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The BCS Nightmare Barely Averted: Five Teams, Two Championship Bids

By Yong-yi Zhu

Every year around this time, we wonder about a lot of things. We wonder what Santa Claus is going to bring us for Christmas. We wonder if all those calories we packed on during Thanksgiving are actually going to disappear as we hope.

And we wonder if the BCS is going to need more tweaking next year.

This is the first time that we won’t have to deal with the possibility of a split national championship or a major dispute from the number three team. But had the dice rolled another way, the post-season picture would be quite different.

Let’s look at what would have happened if Texas and USC had both lost convincingly and LSU and Virginia Tech had both won. In this alternate universe, all four of these teams would have only one loss. Who would be deserving of the chance to go to the National Championship then?

You could make a case for any one of USC, Texas, LSU, Virginia Tech, Penn State, or even Oregon. Of the teams with one loss, these are the ones that have played the toughest all season long.

Start with USC, the clear favorite to win the real national championship. Would they be going to the Rose Bowl if they had lost Saturday? They had to deal with a tough Pac-10 this season, with the likes of UCLA and Oregon, and being champion of that league is tougher than ever.

Some argue that they didn’t have to play a conference championship game. But that shouldn’t disqualify them, given all their huge wins this season. The bottom line is that they still would have deserved the nod to Pasadena even if they had lost Saturday night.

My pick for USC’s opponent in this hypothetical world would be LSU. The biggest reason is that with a win Saturday, they would have been the champion of the deadly SEC. Sure, the Gators and Volunteers have dropped from their high thrones, but Georgia, Alabama and Auburn have taken their places, maintaining the SEC’s status as the toughest conference.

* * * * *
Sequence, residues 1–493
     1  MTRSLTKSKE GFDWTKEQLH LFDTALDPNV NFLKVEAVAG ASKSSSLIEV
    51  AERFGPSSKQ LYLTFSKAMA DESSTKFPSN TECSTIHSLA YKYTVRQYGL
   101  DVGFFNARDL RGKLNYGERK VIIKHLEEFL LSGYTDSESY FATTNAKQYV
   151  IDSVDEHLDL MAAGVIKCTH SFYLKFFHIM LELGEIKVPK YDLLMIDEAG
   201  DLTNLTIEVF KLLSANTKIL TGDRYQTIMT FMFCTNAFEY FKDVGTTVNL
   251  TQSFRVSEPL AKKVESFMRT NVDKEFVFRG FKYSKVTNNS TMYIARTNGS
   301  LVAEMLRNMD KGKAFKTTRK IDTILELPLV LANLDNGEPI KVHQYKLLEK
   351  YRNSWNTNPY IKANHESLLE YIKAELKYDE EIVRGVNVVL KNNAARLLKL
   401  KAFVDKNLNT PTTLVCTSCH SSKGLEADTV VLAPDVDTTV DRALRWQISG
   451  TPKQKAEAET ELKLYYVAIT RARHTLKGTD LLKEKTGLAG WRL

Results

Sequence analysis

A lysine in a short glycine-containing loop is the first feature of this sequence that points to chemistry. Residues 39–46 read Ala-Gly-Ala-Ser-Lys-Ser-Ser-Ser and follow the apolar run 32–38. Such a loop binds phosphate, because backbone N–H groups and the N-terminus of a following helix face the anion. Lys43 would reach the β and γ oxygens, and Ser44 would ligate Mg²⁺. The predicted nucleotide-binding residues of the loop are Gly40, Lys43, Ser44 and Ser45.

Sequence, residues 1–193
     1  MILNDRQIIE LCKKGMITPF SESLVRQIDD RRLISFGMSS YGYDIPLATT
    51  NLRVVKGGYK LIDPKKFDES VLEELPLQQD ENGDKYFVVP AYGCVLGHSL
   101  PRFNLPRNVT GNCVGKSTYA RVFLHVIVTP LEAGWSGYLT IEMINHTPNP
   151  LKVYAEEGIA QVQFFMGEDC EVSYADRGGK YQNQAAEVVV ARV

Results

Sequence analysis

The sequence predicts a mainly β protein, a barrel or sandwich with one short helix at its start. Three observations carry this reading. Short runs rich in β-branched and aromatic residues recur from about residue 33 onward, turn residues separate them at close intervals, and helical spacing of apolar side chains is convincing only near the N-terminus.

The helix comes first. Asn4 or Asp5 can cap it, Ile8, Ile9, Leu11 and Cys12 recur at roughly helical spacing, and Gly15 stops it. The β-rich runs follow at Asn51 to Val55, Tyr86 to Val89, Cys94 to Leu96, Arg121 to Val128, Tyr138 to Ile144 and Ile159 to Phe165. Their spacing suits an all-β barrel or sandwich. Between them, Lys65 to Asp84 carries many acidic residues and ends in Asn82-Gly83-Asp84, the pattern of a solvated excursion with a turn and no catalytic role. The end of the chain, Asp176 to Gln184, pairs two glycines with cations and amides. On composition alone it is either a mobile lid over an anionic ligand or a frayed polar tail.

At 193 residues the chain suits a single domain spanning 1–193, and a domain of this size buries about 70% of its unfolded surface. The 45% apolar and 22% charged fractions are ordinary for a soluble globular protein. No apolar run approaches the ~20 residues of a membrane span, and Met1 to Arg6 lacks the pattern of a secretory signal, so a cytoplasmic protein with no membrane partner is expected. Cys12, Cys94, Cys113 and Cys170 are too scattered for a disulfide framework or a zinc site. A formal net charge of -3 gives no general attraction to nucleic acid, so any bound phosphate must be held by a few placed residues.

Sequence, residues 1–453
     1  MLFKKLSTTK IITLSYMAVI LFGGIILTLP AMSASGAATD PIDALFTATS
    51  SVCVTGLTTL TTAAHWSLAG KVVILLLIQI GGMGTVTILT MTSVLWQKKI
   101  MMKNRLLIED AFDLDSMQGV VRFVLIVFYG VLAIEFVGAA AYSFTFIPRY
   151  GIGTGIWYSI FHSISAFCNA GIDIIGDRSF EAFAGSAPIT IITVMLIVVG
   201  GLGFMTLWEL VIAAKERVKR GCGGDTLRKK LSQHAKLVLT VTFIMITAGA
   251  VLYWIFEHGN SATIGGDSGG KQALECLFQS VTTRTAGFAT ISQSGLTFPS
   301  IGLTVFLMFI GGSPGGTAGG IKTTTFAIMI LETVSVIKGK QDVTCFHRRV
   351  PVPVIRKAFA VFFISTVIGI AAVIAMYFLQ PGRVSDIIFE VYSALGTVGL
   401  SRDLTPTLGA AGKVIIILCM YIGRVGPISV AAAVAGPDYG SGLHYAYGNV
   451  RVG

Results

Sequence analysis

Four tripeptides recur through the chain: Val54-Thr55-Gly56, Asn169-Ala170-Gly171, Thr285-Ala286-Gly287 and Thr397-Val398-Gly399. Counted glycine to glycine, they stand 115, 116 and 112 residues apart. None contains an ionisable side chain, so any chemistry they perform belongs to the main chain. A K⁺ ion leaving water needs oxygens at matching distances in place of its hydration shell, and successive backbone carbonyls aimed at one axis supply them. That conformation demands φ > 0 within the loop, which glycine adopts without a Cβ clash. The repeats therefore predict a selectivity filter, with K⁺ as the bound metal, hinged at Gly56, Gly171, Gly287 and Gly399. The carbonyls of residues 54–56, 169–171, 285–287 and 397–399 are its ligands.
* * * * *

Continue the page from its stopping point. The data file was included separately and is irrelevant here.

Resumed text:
The other four would have a tougher time convincing me that they are Rose Bowl worthy. Oregon did not play UCLA, one of the major powers in their conference. More importantly, I don’t think they can match up with the other teams in question.

Penn State, Virginia Tech, and Texas wouldn’t deserve it because they play in weaker conferences than the SEC and weren’t as consistently dominant.

So, what is the solution? Playoffs are probably the only way to go. I may sound like a broken record saying playoffs are the solution to all of college football’s problems, but just look at the NCAA Basketball tournament. It’s a simple concept: pick a bunch of teams, who have a possibility of being a national champion, and let them duke it out.

Sure, the teams on the bubble will complain about not being selected. But the likelihood of the “true” best team being left out is a lot smaller when you let eight teams in that when you only let two in, which is the current system.

And maybe then, instead of whining during Christmas, we can have exciting football playoffs that spur on office pools and more unproductive Saturdays.